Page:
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Acad Med. 2015 Nov;90(11):1457-61. doi: 10.1097/ACM.0000000000000769.

Designing evidence-based medicine training to optimize the transfer of skills from the classroom to clinical practice: applying the four component instructional design model.

Author information

1
L.A. Maggio is director of research and instruction, Lane Medical Library, Stanford University School of Medicine, Stanford, California, and a doctoral student in the health professions education program, University of California, San Francisco, San Francisco, California, and University Medical Center Utrecht, Utrecht, The Netherlands. O. ten Cate is professor of medical education and director, Center for Research and Development of Education, University Medical Center Utrecht, Utrecht, The Netherlands, and adjunct professor, Department of Medicine, University of California, San Francisco, School of Medicine, San Francisco, California. D.M. Irby is professor of medicine, Department of Medicine, University of California, San Francisco, School of Medicine, San Francisco, California. B.C. O'Brien is associate professor of medicine, Department of Medicine, University of California, San Francisco, School of Medicine, San Francisco, California.

Abstract

Evidence-based medicine (EBM) skills, although taught in medical schools around the world, are not optimally practiced in clinical environments because of multiple barriers, including learners' difficulty transferring EBM skills learned in the classroom to clinical practice. This lack of skill transfer may be partially due to the design of EBM training. To facilitate the transfer of EBM skills from the classroom to clinical practice, the authors explore one instructional approach, called the Four Component Instructional Design (4C/ID) model, to guide the design of EBM training. On the basis of current cognitive psychology, including cognitive load theory, the premise of the 4C/ID model is that complex skills training, such as EBM training, should include four components: learning tasks, supportive information, procedural information, and part-task practice. The combination of these four components can inform the creation of complex skills training that is designed to avoid overloading learners' cognitive abilities; to facilitate the integration of the knowledge, skills, and attitudes needed to execute a complex task; and to increase the transfer of knowledge to new situations. The authors begin by introducing the 4C/ID model and describing the benefits of its four components to guide the design of EBM training. They include illustrative examples of educational practices that are consistent with each component and that can be applied to teaching EBM. They conclude by suggesting that medical educators consider adopting the 4C/ID model to design, modify, and/or implement EBM training in classroom and clinical settings.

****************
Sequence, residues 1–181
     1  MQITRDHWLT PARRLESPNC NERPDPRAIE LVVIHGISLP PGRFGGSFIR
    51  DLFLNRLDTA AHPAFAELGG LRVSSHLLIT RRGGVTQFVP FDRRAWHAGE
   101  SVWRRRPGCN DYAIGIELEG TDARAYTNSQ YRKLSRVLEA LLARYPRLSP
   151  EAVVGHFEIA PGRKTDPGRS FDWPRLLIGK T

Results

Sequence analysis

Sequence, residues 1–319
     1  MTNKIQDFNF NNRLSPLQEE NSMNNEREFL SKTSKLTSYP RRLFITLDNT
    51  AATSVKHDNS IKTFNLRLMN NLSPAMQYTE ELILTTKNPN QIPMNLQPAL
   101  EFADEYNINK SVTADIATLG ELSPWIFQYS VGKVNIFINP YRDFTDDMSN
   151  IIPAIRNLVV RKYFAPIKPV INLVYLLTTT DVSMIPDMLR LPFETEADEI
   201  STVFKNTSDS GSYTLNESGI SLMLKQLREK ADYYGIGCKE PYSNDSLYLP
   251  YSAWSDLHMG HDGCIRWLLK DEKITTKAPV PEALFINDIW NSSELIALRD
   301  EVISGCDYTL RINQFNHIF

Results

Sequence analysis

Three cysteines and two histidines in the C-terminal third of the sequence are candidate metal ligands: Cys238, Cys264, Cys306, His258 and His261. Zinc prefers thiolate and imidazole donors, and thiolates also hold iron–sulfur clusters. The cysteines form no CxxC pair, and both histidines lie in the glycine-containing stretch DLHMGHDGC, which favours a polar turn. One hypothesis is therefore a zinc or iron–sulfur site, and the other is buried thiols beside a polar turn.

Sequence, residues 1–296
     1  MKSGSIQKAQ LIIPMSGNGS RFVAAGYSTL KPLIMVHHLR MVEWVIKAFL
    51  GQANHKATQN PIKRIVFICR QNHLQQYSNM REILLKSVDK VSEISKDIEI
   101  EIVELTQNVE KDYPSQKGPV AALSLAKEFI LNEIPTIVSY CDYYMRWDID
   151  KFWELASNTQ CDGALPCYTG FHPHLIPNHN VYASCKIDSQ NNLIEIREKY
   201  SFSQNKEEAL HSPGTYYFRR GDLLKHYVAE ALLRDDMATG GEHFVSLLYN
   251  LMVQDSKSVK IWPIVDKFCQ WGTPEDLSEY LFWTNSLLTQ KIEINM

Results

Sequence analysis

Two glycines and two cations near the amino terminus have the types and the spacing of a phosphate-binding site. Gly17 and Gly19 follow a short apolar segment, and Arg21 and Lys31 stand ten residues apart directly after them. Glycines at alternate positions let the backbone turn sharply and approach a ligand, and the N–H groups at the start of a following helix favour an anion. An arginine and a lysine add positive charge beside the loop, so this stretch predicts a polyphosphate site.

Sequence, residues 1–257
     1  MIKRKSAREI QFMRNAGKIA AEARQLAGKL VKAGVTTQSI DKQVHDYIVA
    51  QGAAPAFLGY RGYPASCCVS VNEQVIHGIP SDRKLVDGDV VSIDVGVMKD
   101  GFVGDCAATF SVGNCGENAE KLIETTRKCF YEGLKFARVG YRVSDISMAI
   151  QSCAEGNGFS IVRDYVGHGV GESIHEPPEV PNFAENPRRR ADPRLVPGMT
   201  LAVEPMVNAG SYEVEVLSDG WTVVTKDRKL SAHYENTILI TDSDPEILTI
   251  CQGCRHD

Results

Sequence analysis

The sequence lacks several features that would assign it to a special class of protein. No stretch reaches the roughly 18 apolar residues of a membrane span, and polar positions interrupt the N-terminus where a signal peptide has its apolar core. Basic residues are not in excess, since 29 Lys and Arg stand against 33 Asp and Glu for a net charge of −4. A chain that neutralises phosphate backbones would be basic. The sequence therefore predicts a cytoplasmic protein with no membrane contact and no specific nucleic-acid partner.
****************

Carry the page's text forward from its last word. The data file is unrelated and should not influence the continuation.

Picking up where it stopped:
PMID:
25993279
DOI:
10.1097/ACM.0000000000000769
[Indexed for MEDLINE]

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